Picture: 123RF/WAVEBREAK MEDIA
Picture: 123RF/WAVEBREAK MEDIA

The team that wins the forthcoming series between the Springboks and British and Irish Lions is going to drive a narrative of triumph overcoming adversity, of winning against almost insurmountable odds.

That is probably just about the only thing we can be certain of as we head into what should be a tumultuous final fortnight of build-up to the series kickoff in Cape Town on  July 24. Tumultuous for all the wrong reasons, with Covid-19 and the disruption the pandemic brings likely to remain the main talking point ahead of the rugby after the revelation that the Covid-19 positives in the Springbok camp, including management members, number as many as 26.

That pales the Lions’ count from the past week — one player and one management with the one positive being a weak one — into insignificance and makes Lions coach Warren Gatland look a little silly for continually talking about the huge challenges his team is facing being a unifying and strengthening force.

Surely that counts both ways, with the Springboks being even more hard-pressed to rub coal together to create a diamond. At this point the Boks look likely to be without their captain Siya Kolisi and Handré Pollard for the first Test, as both are among the positive tests, and so are fellow members of the 2019 World Cup starting team Bongi Mbonambi, Frans Malherbe and Makazole Mapimpi. Two other players likely to have been in the reserves, Frans Steyn and Ox Nche, are also on the Covid-19 list.

You can add to the list of players who won’t be lining up to sing the national anthem at Cape Town Stadium the injured Duane Vermeulen and RG Snyman. Vermeulen and Pollard were regarded as the two most indispensable Bok players at the Rugby World Cup, now it looks like the hosts will have to start the series without them.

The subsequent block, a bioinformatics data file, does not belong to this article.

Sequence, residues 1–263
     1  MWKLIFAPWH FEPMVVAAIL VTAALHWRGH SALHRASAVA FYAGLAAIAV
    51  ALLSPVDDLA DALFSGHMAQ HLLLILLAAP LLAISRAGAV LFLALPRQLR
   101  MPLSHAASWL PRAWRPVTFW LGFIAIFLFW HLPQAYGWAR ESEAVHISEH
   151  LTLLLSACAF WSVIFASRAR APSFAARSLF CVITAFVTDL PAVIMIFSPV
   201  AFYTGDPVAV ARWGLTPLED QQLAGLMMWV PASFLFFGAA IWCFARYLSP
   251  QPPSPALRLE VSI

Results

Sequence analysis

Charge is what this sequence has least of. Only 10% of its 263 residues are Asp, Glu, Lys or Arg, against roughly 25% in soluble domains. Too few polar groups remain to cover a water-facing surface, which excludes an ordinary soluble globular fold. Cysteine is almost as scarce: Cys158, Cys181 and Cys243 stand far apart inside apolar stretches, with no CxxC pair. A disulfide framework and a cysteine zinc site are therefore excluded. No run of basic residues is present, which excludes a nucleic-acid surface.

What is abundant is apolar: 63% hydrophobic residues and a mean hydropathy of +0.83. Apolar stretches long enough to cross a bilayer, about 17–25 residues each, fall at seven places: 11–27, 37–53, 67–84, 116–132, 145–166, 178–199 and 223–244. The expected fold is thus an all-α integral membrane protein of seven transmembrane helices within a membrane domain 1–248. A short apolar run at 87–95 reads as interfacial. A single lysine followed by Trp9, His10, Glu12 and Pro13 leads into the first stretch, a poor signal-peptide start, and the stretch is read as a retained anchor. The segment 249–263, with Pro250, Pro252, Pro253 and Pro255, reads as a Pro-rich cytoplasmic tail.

The cancellation of the second Georgia match means the Boks will go into the series with just one Test match behind them since the World Cup final 20 months ago. They haven’t trained at all this past week, and while there is talk of playing many of them in the SA A fixture, the fluid Covid situation makes it uncertain that will be possible.

As if all of that doesn’t already amount to a huge disadvantage for the hosts, you also have to add the probability that they will be surrendering one of their big advantages in any home series against any opponent — the altitude factor. It is looking more probable the entire series will be switched to Cape Town, and Gatland has already admitted that would favour his team.

You factor all of those things together and it is the SA coaches, at least one of whom is Covid-19 positive and in self-isolation, who have to get their players to do something extraordinary to win the series. Not Gatland.

But you can’t blame Gatland for answering direct questions with an honest answer for the even greater impact on the Boks of the pandemic doesn’t change that he and his players are facing challenges no previous Lions touring squad has had to deal with. And he’s been left to hog the media space because of the complete silence from the Bok camp.

Far from being open and transparent as Rassie Erasmus promised they would be when he first took over as coach, the Boks have responded to crisis by retreating into their laager like never before. At the time of writing there hasn’t been a Bok media conference for a week, and this in the build-up to a series that needs every available minute that there is to market it.

But then it is becoming increasingly apparent that the emphasis is just on getting through the series, with the financial bottom line being even more important during these Covid-19 times than it was previously.

To put it bluntly both SA Rugby and the Lions need the TV rights money, but SA Rugby in particular. If there was no series and no TV money, SA Rugby would be bankrupt, or at least close to it.

I could pontificate on the mistakes that have been made, on how the decision should have been made last September to postpone this tour to 2022. And yes, if the administrators running rugby globally were responsible instead for running Nasa we would still be waiting for the first American to land on the moon.

All of that though is irrelevant because now that the tour has started the show must go on no matter what. The alternative will bring disastrous ramifications for the sport and the determination from both sides to get the games played is admirable.

Just to get through the series and for it to be a good one will justify the use of that cliché of rugby being the winner. Under the circumstances anyone who contributes to a successful series will be winners regardless of who wins on the field.

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